If your spouse is a citizen, any gifts you give to him or her during your life are free of federal gift tax. If your spouse is not a U.S. citizen, however, the special tax-free treatment for spouses is limited to $152,000 a year (2018). This amount is indexed for inflation. That’s in addition to the $11.2 million you can give away or leave to anyone without owing federal gift/estate tax.


Note that these issues apply not only to US persons abroad, but to any US person who is married to a non-US citizen.

Establishing permanent residency in US

It is possible for the foreign spouse (or other immediate relative) of a US citizen to apply for US permanent residency while still outside the US. According to the US Citizenship and Immigration Services:[27]

If you are currently outside the United States and are an immediate relative of a U.S. citizen, you can become a permanent resident through consular processing. Consular processing is when USCIS works with the Department of State to issue a visa on an approved Form I-130 petition when a visa is available. You may then travel on the visa and will officially become a permanent resident when admitted at a U.S. port of entry.


For details, see the USCIS "Consular Processing" page.[28]

Expatriation tax for losing citizenship or permanent residency

Loss of status

US Citizens

Two typical ways to lose your US citizenship are:

  • Relinquishing US citizenship: If you take the citizenship of another country with the intent of relinquishing US citizenship, you are considered to have "relinquished" US citizenship. The local US embassy still has to be notified in person for the loss to be recognized by the US government, however. On November 9, 2015, the consular processing fee for relinquishment rose from zero to $2,350.[29]
  • Renouncing US citizenship: You can also "renounce" US citizenship, which requires taking an oath of renunciation at a US embassy or consulate. This costs a $2,350 processing fee as of September 12, 2014,[30] and potentially subjects you to application of the Reed Amendment.[31]

For tax purposes, relinquishment and renunciation are identical, with your tax filing obligation continuing up until the date of the appointment at the embassy or consulate. For other purposes (such as transmitting US citizenship to your children), the effective date of loss of citizenship is the date of the relinquishing act (such as acquiring another citizenship with intent to relinquish US citizenship), or if renouncing, the date you take the renunciation oath at the embassy or consulate.

Warning: Even if you take another citizenship intending to relinquish, if you then travel on your US passport, vote in a US election, or perform any other act indicating that you still consider yourself a US citizen after the putative expatriating act, you will be deemed not to have relinquished after all, at which point renouncing may become the only recognized way to lose US citizenship.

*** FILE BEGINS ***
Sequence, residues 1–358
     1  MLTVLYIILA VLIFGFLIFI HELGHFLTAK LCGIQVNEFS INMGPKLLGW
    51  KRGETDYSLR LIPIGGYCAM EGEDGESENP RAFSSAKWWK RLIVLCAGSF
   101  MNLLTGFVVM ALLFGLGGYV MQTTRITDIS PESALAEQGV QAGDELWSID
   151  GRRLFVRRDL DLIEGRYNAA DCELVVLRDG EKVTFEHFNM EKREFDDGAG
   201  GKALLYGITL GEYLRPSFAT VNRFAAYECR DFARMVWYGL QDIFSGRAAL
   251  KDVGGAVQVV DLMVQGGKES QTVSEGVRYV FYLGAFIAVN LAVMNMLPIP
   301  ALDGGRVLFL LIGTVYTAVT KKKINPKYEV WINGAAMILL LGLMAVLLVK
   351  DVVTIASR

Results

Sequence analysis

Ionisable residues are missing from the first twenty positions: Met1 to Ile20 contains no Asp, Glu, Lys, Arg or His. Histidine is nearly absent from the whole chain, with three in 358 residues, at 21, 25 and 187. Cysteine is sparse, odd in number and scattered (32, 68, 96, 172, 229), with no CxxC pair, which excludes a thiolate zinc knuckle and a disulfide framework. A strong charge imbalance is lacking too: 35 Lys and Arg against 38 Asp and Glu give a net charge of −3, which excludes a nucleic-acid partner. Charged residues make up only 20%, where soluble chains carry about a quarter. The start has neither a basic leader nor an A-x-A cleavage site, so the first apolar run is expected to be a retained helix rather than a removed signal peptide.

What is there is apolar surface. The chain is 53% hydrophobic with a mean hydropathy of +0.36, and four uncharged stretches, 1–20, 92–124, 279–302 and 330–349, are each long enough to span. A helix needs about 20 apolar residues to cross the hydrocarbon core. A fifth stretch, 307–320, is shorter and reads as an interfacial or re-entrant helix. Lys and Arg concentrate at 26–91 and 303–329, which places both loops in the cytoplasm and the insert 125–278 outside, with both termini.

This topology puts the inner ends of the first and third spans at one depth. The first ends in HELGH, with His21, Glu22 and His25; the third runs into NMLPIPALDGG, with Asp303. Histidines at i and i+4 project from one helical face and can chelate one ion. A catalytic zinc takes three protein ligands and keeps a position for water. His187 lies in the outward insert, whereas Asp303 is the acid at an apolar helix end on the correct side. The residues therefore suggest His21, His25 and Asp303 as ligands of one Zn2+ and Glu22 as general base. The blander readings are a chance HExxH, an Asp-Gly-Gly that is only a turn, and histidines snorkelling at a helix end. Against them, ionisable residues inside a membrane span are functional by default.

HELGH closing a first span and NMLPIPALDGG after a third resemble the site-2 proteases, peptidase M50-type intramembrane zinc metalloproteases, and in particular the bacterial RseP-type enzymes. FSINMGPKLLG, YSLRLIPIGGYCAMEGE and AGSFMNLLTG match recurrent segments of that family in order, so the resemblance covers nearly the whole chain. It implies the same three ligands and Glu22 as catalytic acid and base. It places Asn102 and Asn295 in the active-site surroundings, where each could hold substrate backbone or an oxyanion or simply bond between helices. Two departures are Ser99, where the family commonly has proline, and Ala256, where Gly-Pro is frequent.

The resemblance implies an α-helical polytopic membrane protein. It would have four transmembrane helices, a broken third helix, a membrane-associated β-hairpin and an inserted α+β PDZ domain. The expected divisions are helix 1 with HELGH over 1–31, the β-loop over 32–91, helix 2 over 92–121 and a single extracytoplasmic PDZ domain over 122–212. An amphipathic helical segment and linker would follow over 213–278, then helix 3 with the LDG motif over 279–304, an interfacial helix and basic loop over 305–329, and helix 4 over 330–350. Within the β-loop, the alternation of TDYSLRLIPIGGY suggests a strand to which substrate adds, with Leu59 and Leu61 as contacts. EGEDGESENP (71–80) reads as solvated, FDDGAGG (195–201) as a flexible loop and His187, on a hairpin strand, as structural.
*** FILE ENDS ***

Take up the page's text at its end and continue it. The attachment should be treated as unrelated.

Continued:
Green card holders

The elective ways to lose a US green card are:

  • Abandoning US permanent residency: This is similar to relinquishing US citizenship. You need to file Form I-407, Abandonment of Lawful Permanent Resident Status.[2]
  • Claiming US tax treaty benefits: A long-term permanent resident claiming treatment as a resident of another country and not waiving tax treaty treatment for that country is deemed to have lost permanent resident status.[32]

The first of these is the cleanest, and by far the most common. Prior to July 1, 2019, Form I-407 could be filed with the USCIS field office in the local US embassy. After this date, the form has to be filed with the USCIS in Vermont,[33] although a rare exception may be possible. The estimated processing time is 60 days, so you need to take this into account in any planning.

Warning: Green card holders must formally surrender their status to free themselves from US tax filing requirements as a resident alien. Allowing the physical card to expire so that US immigration authorities consider it no longer valid for immigration does not change their tax and filing status for the IRS.

Tax consequences

In either case of losing citizenship, or in the case of losing permanent residency if you have been a lawful permanent resident of the US in at least 8 of the past 15 years, the tax implications are similar. You need to fill out IRS Form 8854, Initial and Annual Expatriation Statement,[34] and potentially pay exit taxes based on a deemed disposition of assets and a deemed immediate distribution of all pension and retirement savings.